every good endeavour

every-good-endeavour

I love these wise insights from Dr Tim Keller in his book Every Good Endeavor. If you have a career of any kind and a faith in God, you may find both perspective and comfort in his words:

Work is so foundational to our makeup that it is one of the few things we can take in significant doses without harm. Indeed, the Bible does not say we should work one day and rest six or that work and rest should be balanced evenly but directs us to the opposite ratio. Leisure and pleasure are great goods, but we can take only so much of them.

According to the Bible, we don’t merely need the money from work to survive; we need the work itself to survive and to live fully human lives.

Because of the nature of God’s creation, we need work for our happiness. And because of God’s intentions for our work – to contribute to the flourishing of the world – we have glimpses of what we could accomplish. But because of the fall of the human race, our work is also profoundly frustrating, never as fruitful as we want, and often a complete failure.

Everyone will be forgotten, nothing we do will make any difference, and all good endeavors, even the best, will come to naught.

Unless there is God. If the God of the Bible exists, and there is a True Reality beneath and behind this one, and this life is not the only life, then every good endeavor, even the simplest ones, pursued in response to God’s calling, can matter forever.

God can, and often does, change what he calls us to do.

We are continuing God’s work of forming, filling, and subduing. Whenever we bring order out of chaos, whenever we draw out creative potential, whenever we elaborate and “unfold” creation beyond where it was when we found it, we are following God’s pattern of creative cultural development.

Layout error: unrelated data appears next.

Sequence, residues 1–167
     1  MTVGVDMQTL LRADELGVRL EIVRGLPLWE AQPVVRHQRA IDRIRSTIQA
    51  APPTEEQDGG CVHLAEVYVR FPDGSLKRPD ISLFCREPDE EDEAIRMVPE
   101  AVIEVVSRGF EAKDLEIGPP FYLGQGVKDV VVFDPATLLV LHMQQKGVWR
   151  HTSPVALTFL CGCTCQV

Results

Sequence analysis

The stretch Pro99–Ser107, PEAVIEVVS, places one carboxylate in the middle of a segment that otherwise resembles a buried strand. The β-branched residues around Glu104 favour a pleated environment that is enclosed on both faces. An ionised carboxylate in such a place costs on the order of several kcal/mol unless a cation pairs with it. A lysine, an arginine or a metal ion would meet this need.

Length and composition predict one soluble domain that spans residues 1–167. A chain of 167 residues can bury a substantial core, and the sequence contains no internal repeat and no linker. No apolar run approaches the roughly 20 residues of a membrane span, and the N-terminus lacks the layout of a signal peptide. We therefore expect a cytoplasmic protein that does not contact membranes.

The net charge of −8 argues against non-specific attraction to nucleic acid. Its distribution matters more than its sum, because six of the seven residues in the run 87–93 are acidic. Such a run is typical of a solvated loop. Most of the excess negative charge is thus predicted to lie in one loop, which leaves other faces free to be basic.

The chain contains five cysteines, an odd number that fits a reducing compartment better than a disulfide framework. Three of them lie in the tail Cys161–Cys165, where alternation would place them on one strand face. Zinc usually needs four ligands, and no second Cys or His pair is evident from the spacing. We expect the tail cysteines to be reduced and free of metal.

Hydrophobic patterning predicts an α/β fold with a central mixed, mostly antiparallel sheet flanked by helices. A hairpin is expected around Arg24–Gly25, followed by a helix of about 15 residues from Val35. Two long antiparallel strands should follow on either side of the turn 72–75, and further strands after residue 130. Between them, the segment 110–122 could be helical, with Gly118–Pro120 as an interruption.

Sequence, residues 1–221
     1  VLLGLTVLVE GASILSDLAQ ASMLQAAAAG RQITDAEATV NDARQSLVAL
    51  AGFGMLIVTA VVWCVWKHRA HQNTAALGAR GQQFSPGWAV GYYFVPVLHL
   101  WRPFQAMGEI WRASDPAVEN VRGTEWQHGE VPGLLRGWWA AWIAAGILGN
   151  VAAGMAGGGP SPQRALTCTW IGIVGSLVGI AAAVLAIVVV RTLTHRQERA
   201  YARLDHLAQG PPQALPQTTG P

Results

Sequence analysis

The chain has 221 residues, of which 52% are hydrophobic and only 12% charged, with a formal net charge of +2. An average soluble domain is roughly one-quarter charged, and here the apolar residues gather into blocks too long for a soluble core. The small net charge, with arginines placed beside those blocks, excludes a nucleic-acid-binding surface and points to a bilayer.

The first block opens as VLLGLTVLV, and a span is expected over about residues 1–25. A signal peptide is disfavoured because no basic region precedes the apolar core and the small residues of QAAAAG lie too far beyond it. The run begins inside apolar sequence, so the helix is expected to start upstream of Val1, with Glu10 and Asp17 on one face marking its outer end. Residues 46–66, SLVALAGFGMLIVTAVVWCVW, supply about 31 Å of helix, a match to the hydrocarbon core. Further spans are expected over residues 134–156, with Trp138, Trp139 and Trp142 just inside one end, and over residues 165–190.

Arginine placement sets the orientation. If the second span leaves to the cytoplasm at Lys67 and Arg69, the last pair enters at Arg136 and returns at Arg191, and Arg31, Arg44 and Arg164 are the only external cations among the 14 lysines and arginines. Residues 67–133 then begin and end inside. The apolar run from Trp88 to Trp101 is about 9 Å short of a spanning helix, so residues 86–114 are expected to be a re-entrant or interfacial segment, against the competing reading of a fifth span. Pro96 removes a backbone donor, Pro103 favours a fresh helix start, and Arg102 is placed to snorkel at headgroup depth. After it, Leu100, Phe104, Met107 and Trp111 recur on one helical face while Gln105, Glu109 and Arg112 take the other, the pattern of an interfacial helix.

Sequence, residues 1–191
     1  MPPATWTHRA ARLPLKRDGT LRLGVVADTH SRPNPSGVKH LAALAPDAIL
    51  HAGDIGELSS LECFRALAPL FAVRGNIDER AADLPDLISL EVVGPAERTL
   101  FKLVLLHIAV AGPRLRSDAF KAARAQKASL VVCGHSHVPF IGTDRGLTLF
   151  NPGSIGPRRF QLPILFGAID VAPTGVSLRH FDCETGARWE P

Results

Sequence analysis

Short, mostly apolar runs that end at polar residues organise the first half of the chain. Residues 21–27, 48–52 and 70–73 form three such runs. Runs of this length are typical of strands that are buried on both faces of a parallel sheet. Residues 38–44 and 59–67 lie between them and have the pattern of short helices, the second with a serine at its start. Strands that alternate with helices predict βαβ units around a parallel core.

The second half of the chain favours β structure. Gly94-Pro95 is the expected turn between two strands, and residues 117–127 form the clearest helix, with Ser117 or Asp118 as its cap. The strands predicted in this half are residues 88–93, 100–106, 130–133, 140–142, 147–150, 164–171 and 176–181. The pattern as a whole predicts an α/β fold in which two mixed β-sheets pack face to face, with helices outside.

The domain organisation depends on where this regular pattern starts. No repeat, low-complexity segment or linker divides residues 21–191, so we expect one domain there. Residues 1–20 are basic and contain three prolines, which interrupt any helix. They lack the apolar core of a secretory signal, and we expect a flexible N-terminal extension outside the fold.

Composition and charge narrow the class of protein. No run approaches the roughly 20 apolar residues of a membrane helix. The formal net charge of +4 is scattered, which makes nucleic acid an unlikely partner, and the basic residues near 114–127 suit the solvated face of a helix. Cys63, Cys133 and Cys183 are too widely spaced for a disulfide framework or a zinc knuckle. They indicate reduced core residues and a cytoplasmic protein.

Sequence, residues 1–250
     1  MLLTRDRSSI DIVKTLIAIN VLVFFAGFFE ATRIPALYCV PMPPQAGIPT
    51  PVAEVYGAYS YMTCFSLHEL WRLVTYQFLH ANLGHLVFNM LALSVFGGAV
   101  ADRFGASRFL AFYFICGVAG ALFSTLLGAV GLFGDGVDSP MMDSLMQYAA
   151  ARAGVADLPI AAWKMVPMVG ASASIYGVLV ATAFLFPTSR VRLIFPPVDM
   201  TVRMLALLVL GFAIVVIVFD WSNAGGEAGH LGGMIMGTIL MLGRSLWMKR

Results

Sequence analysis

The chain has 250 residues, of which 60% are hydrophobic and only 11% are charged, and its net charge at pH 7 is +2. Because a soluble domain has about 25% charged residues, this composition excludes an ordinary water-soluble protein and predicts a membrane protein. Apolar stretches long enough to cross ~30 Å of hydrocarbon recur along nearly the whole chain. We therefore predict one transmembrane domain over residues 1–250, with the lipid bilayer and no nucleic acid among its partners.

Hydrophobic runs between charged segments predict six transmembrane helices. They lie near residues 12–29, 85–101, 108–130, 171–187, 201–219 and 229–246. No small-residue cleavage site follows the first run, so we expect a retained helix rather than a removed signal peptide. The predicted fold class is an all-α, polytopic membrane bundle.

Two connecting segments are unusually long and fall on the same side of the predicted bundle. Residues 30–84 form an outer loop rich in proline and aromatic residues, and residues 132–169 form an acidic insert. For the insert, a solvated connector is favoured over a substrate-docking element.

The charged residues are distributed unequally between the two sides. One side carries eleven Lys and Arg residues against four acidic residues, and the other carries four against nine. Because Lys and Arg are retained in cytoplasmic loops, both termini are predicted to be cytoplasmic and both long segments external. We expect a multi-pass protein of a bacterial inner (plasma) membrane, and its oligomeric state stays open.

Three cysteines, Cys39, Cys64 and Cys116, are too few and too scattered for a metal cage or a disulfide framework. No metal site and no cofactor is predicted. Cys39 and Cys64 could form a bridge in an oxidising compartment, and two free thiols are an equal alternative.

Just because you cannot realize your highest aspirations in work does not mean that you have chosen wrongly, or are not called to your profession, or that you should spend your life looking for the perfect career that is devoid of frustration. You should expect to be regularly frustrated in your work even though you may be in exactly the right vocation.

God’s loving care comes to us largely through the labor of others. Work is a major instrument of God’s providence; it is how he sustains the human world.

It’s definitely a book worth reading. I’ve read very little about the intersection between faith and career, which is kind of funny given how important both areas are in our lives and how much time we all spend working.

I’ve not been working full time since last year, and between bits and pieces of work (three weeks here, a month there), I’ve realised how necessary it is to ‘create’ work for myself. It’s part of the reason I’ve been trying to blog each day – not for the sake of blogging itself, but to have something little to work on.

And I love the second last quote, about expecting frustration. There’s so much talk about finding your dream job, or a job that doesn’t feel like work, but I think that’s a bit of a skewed perspective, like trying to find your dream spouse, ‘the one’. To be anticipating and expecting frustration in our careers, and know that that’s okay – it takes the pressure off a little bit hey.

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One thought on “every good endeavour

  1. Pingback: career advice | laura swanson

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